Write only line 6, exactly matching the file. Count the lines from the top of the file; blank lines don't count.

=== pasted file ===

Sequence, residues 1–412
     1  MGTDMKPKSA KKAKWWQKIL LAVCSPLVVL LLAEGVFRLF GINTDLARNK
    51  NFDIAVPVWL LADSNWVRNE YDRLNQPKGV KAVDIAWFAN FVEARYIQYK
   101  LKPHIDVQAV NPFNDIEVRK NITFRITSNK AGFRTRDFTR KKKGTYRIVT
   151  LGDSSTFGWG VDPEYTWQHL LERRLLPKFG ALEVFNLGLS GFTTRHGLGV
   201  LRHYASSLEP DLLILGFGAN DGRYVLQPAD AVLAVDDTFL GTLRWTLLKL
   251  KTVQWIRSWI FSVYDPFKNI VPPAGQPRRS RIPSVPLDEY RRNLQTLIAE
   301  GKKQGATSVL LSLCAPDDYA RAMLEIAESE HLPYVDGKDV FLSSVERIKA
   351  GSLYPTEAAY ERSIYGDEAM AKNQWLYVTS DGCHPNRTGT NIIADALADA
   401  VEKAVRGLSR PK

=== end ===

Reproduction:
   201  LRHYASSLEP DLLILGFGAN DGRYVLQPAD AVLAVDDTFL GTLRWTLLKL